In January 2017, Lawrence Minicone and Zachary Squire launched Tekmerion Capital Management, a systematic macro investment firm. Their former employer, Bridgewater Associates, was not happy about it and sought to settle its complaints via a private arbitration proceeding. But what was meant to be a private matter has now been thrust into public view, owing to a new court filing.
Months after Tekmerion launched, Bridgewater sought to take the firm to arbitration for the “misappropriation of trade secrets, breaches of contract, and unfair competition,” court documents show. Arbitration — a process for settling disputes outside of court, with a neutral party mediating — is meant to prevent such disputes from becoming public. But that’s exactly what happened last week because of a dispute over legal fees. Here’s how it happened.
Both Minicone and Squire worked as investment associates at Bridgewater — Minicone for nearly five years beginning in 2008, Squire for three years starting in 2010, their respective LinkedIn profiles show.
A contractual non-compete period included in their employment contracts with Bridgewater required them to spend nearly four years in “Bridgewater-approved positions” after leaving the firm, according to a July 1 court filing by Minicone and Squire’s legal team.
Those agreements also stipulated that disputes between the firm and former employees take place via arbitration, according to that filing. (Because of their private nature, arbitration negotiations have come under fire in recent years, particularly those that pertain to sexual assault and harassment cases in the workplace.)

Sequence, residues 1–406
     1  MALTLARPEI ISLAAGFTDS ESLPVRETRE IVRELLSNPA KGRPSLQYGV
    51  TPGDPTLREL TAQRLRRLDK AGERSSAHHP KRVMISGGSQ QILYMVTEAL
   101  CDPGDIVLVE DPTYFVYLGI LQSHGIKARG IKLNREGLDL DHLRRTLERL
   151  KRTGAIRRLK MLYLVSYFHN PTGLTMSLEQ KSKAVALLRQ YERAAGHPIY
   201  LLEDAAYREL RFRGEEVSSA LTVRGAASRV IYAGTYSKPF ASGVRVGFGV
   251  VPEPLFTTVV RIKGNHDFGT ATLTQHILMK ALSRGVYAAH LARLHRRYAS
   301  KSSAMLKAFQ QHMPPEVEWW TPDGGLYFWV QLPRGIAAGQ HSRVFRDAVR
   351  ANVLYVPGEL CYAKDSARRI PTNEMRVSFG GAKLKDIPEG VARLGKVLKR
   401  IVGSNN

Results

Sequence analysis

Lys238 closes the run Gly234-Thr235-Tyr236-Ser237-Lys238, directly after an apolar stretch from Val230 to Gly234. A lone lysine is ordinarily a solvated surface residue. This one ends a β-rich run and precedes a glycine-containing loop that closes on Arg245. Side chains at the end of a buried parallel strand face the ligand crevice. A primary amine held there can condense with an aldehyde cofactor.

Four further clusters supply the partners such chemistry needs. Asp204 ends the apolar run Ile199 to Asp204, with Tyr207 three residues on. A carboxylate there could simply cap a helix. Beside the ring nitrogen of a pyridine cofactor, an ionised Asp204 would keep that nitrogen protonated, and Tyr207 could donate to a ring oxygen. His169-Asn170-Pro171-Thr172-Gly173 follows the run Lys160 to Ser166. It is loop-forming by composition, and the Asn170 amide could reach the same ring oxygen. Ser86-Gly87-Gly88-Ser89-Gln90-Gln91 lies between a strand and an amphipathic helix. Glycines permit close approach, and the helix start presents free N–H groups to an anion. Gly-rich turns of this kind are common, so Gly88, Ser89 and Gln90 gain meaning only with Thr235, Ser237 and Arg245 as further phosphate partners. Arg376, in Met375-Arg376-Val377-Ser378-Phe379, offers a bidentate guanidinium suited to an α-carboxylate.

After their non-compete period ended, Minicone and Squire helped launch Tekmerion, which, according to its website, makes directional bets in the futures markets on equity indexes, rates, foreign exchanges, and commodities.
In November 2017, nearly a year after the two helped launch the firm, Bridgewater filed a “demand for arbitration” against them, according to the filing. Squire and Minicone denied Bridgewater’s claims in the demand and filed counterclaims of their own.
The arbitration took roughly two years and involved a discovery process, nineteen pre-hearing motions, and eight days of hearings, the filing stated.
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But the dispute hasn’t ended: Minicone and Squire’s lawyer filed a separate document on July 1 with the court seeking to “confirm arbitration award in favor” of the two, with an award for $1.99 million to cover legal fees.
According to the American Arbitration Association, which handled this arbitration, a party that wins arbitration may go to court to confirm the arbitration award if “the other party does not do what the award says.”
However, a court filing on July 3 by Bridgewater’s lawyer seeks to vacate those fees. According to a person familiar with the matter, awards for attorney’s fees are prohibited in their employment agreements.
A spokesperson for Bridgewater declined to comment. A lawyer representing Minicone and Squire also declined to comment.